The Lake Josephus Days - Poem by Richard Brautigan
We left Little Redfish for Lake Josephus, traveling along the good names — from Stanley to Capehorn to Seafoam to the Rapid River, up Float Creek, past the Greyhound Mine and then to Lake Josephus, and a few days after that up the trail to Hell-diver Lake with the baby on my shoulders and a good limit of trout waiting in Hell-diver.
Knowing the trout would wait there like airplane tickets for us to come, we stopped at Mushroom Springs and had a drink of cold shadowy water and some photographs taken of the baby and me sitting together on a log.
I hope someday we'll have enough money to get those pictures developed. Sometimes I get curious about them, wondering if they will turn out all right. They are in suspension now like seeds in a package. I'll be older when they are developed and easier to please. Look there's the baby! Look there's Mushroom Springs! Look there's me!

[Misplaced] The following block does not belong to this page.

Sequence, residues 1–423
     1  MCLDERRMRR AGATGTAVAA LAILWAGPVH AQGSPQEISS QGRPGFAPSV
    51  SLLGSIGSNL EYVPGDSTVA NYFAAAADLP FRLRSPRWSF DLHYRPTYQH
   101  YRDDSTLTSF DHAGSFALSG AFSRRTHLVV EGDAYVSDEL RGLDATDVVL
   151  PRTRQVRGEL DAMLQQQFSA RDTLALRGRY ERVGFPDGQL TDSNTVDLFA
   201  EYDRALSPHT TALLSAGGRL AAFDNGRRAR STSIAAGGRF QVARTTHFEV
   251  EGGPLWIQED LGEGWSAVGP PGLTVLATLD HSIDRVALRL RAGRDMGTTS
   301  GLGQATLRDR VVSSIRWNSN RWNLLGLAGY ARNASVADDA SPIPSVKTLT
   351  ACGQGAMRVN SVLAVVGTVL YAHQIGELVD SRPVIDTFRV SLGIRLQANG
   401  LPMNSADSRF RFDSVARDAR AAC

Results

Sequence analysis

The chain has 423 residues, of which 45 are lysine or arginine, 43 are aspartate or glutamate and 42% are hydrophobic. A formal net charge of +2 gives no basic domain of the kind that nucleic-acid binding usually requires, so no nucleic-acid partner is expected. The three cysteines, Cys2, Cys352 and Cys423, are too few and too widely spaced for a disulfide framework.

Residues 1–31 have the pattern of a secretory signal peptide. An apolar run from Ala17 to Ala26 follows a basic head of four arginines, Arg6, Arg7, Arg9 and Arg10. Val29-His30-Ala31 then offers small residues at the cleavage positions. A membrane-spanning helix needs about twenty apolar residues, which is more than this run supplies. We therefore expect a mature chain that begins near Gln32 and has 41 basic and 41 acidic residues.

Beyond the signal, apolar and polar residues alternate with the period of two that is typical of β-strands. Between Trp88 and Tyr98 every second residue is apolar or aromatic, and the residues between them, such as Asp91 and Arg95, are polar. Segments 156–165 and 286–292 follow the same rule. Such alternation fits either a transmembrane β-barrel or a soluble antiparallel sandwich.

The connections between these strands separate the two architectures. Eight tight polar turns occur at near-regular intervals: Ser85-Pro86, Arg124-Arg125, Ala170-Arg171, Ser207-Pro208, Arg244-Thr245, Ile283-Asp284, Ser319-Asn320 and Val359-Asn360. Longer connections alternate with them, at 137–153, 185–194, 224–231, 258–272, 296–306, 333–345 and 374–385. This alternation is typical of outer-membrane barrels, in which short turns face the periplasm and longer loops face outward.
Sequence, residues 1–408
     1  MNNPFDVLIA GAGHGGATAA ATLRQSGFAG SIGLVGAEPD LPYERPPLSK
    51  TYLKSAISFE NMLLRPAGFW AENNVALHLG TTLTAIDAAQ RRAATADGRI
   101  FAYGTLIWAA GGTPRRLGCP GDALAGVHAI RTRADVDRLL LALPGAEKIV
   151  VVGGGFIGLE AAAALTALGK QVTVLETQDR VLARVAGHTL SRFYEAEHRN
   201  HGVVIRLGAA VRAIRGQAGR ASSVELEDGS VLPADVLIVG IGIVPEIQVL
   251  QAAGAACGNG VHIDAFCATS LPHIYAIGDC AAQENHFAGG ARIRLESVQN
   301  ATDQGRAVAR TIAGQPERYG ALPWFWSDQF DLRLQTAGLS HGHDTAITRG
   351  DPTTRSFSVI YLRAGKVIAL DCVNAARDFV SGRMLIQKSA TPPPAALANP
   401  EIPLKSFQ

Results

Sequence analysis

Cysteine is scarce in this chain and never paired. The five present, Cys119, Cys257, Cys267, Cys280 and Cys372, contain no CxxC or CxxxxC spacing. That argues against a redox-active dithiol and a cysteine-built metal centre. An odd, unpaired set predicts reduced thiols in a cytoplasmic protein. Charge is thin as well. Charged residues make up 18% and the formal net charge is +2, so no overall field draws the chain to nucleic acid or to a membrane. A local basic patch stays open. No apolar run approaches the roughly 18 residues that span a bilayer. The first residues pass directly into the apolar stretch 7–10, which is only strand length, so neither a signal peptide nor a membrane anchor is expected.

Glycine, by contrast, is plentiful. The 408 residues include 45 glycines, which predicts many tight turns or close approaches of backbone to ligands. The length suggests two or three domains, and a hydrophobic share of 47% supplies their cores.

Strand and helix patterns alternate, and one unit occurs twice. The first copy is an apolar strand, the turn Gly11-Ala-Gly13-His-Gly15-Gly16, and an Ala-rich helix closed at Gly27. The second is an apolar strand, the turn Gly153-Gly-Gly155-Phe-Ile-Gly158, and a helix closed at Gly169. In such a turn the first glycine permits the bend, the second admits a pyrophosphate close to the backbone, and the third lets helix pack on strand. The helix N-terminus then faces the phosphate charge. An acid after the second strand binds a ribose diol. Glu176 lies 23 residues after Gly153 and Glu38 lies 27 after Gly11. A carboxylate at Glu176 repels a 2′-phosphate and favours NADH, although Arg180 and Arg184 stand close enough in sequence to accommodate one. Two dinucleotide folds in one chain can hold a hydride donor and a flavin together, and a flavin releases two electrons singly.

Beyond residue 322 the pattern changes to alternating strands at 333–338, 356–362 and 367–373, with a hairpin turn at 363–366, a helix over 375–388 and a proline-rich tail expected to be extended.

I caught the limit of trout within an hour of reaching Hell-diver, and my woman, in all the excitement of good fishing, let the baby fall asleep directly in the sun and when the baby woke up, she puked and I carried her back down the trail.
My woman trailed silently behind, carrying the rods and the fish. The baby puked a couple more times, thimblefuls of gentle lavender vomit, but still it got on my clothes, and her face was hot and flushed.
We stopped at Mushroom Springs. I gave her a small drink of water, not too much, and rinsed the vomit taste out of her mouth. Then I wiped the puke off my clothes and for some strange reason suddenly it was a perfect time, there at Mushroom Springs, to wonder whatever happened to the Zoot suit.
Along with World War II and the Andrews Sisters, the Zoot suit had been very popular in the early 40s. I guess they were all just passing fads.
A sick baby on the trail down from Hell-diver, July 1961, is probably a more important question. It cannot be left to go on forever, a sick baby to take her place in the galaxy, among the comets, bound to pass close to the earth every 173 years.
She stopped puking after Mushroom Springs, and I carried her back down along the path in and out of the shadows and across other nameless springs, and by the time we got down to Lake Josephus, she was all right.
She was soon running around with a big cutthroat trout in her hands, carrying it like a harp on her way to a concert — ten minutes late with no bus in sight and no taxi either.
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